srmf5 Registered User
#1

My ancestor was James McDonough who was living in Bellanagare. Here is James in the search results.
This is the actual page with him at number 7.

In the search results, it has the year as 1854. However, on the right hand side it seems to list the year as 1812. I assume that this is the year anyway. In the census, he was recorded as a retired carpenter so I wonder was it a carpentry shop that he had. His son was supposed to have been a carpenter in Clonalis House.

I also see that an 'OR' has been added between entry 7 and 8. Rev. Patrick McDonough was James's brother and to the right of his entry, the year 1854 can be seen.

If 1812 is actually the year that the entry for James McDonough was recorded then this James would likely be the father of Patrick and my ancestor James rather than a brother of Patrick.

Also I just noticed that there is a Charles Bianconi listed in the search results. This must be him since it wouldn't have been a common name in Ireland: https://en.wikipedia.org/wiki/Charles_Bianconi

L1011 Moderator
#2

On the Bianconi entry, it says offices and garden, no mention of house. Offices referred to anything from a small shed up - could have been a water station for the horses, full stables etc. Important enough route back then.

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pinkypinky Moderator
#3

My interpretation is that James McDonough's lease dates from 1812 but the valuation was done in 1854. Griffiths' Valuation only began their work in 1847.

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srmf5 Registered User
#4

L1011 said:
On the Bianconi entry, it says offices and garden, no mention of house. Offices referred to anything from a small shed up - could have been a water station for the horses, full stables etc. Important enough route back then.


There's loads of results for Charles Bianconi if you look him up in Griffith's Valuation but he seems to have mainly lived in Tipperary. Like that on Griffith's Valuation, Charles Bianconi's result in Bellanagare is offices, yard and garden with no house listed.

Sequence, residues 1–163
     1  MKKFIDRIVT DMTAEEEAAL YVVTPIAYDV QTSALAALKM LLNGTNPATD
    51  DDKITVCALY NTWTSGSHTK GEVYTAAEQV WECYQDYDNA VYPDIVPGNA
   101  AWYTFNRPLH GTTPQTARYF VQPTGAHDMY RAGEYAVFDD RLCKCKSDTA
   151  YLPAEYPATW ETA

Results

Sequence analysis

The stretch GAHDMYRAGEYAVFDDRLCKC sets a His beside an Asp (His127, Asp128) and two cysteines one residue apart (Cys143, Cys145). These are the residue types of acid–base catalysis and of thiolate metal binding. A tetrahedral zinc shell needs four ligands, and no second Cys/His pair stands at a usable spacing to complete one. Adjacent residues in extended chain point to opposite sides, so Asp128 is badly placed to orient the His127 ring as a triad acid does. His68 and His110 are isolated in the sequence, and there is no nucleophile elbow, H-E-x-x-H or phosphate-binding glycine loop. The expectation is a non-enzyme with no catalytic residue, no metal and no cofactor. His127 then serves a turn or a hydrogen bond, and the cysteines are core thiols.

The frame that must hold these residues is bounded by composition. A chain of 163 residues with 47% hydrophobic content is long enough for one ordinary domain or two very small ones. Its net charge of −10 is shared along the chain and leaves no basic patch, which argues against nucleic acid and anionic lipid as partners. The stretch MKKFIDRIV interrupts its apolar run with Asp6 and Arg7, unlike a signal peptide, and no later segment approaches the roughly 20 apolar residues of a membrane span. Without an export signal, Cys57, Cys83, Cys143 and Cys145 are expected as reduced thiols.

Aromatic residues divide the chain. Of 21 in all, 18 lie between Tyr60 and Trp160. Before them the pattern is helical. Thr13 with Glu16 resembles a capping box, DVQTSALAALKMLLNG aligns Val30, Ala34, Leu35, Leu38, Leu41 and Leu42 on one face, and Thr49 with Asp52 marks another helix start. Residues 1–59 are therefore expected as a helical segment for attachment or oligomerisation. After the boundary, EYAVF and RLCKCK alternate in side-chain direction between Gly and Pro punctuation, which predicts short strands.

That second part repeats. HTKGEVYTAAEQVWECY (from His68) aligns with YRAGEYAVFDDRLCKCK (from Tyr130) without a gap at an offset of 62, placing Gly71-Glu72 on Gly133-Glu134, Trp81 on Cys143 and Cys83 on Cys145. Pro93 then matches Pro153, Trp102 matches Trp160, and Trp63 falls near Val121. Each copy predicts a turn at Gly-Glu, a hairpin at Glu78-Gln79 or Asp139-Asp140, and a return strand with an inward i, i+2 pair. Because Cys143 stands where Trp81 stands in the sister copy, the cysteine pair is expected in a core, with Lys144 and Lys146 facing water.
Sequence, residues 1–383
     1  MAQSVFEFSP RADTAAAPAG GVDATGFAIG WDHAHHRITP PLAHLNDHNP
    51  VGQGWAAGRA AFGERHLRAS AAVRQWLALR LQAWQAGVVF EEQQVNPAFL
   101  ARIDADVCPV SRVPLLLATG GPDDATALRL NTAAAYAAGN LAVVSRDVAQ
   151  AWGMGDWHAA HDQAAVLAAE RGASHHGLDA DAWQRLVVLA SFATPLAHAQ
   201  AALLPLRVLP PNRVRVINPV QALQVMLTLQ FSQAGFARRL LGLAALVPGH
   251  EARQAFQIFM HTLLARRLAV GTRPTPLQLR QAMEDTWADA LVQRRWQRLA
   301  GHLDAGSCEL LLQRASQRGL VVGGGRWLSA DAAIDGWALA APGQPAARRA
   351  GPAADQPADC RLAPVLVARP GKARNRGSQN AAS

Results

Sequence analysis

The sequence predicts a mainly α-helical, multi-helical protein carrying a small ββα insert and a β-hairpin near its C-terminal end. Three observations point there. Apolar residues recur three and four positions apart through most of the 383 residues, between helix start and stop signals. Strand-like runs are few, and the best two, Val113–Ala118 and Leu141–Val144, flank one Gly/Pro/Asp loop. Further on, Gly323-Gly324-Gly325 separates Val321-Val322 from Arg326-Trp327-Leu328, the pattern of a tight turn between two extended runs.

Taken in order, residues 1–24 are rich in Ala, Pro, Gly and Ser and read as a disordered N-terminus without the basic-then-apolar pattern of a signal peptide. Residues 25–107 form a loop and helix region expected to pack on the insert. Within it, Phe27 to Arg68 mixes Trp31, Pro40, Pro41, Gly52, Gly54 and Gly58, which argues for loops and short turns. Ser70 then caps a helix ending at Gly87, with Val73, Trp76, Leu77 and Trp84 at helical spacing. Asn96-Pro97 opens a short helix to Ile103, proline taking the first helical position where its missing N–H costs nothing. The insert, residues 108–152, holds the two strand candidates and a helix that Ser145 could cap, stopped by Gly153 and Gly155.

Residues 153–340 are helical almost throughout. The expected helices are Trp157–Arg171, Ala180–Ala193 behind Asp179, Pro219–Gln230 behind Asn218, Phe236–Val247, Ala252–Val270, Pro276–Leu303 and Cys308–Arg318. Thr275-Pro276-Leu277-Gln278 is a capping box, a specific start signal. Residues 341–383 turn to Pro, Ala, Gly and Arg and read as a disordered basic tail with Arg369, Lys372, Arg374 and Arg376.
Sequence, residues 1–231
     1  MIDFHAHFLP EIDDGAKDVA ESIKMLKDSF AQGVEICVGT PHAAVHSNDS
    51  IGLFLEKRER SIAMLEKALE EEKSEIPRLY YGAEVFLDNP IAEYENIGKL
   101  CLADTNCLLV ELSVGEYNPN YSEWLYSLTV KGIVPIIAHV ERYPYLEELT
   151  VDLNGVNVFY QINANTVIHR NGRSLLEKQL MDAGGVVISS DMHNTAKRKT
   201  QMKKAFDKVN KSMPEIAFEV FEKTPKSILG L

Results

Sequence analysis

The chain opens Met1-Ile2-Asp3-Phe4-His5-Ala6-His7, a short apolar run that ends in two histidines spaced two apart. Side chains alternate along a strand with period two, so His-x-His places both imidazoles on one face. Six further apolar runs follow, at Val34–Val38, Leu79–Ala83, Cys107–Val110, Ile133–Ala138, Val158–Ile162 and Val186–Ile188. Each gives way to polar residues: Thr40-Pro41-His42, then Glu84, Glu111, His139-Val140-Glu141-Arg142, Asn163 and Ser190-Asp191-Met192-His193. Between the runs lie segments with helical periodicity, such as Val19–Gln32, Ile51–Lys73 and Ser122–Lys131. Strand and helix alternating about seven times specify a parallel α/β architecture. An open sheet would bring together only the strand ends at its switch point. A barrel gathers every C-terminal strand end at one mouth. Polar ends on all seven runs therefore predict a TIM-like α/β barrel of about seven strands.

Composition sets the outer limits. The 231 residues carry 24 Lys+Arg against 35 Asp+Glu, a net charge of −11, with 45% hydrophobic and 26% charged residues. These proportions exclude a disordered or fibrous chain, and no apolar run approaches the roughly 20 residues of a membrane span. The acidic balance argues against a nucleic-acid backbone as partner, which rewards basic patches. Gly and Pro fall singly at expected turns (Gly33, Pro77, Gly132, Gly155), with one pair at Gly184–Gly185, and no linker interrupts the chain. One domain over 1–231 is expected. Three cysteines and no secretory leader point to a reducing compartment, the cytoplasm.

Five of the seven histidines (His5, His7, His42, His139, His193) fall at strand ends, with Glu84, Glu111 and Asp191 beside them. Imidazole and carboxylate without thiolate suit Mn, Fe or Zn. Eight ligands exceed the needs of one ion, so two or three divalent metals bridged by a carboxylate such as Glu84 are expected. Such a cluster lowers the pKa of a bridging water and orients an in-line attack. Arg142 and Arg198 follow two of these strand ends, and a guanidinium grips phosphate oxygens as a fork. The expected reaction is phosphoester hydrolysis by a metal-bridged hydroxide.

srmf5 Registered User
#5

pinkypinky said:
My interpretation is that James McDonough's lease dates from 1812 but the valuation was done in 1854. Griffiths' Valuation only began their work in 1847.


Thank you, that makes sense. It wouldn't actually bring me back another generation then since it just records the current occupier and when the lease for the house began for the family. Still, it was interesting to find since I haven't come across any other family members in the Valuation books. I haven't searched for every ancestor but considering the rest were farmers in the country, I don't expect that they would have made the Valuation books.

pinkypinky Moderator
#6

But it does mean you could look in the Registry of Deeds for a lease from 1812...

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srmf5 Registered User
#7

pinkypinky said:
But it does mean you could look in the Registry of Deeds for a lease from 1812...


Those records would only be available in Dublin rather than online, right? I'll have to put it on my list of things to check out in Dublin since I rarely go there. Thanks, it's good to know that there may be more information to find if I was to go and search actual archives rather than what's just online.

pinkypinky Moderator
#8

Untranscribed scans are available via Familysearch. You could also check the RoD Index project.

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Hermy Registered User
#9

Images from the Registry of Deeds are available at Family Search.

There is also the Registry of Deeds Index Project which is slowly making its way through the memorials.

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pinkypinky Moderator
#10

Cross-posted with Hermy.

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KildareFan Registered User
#11

I'm one of the slow transcribers of the Registry of Deeds - it's not something you can speed up. I'm sure more volunteers would be very welcome

It's head wrecking; the Indexes are not particularly helpful - if you know where your ancestor lived it's usually better to plough through the place name indexes to find name of ancestors, or landlords of ancestors; the registers were microfilmed in the 50s and 60s, and some of the films are murky so you need to fiddle with the exposure; then you need to wade through the legalese to find out what the deed is about.

Having said that, I've found out an incredible amount of information about one branch of the family which goes back to the 1600s.

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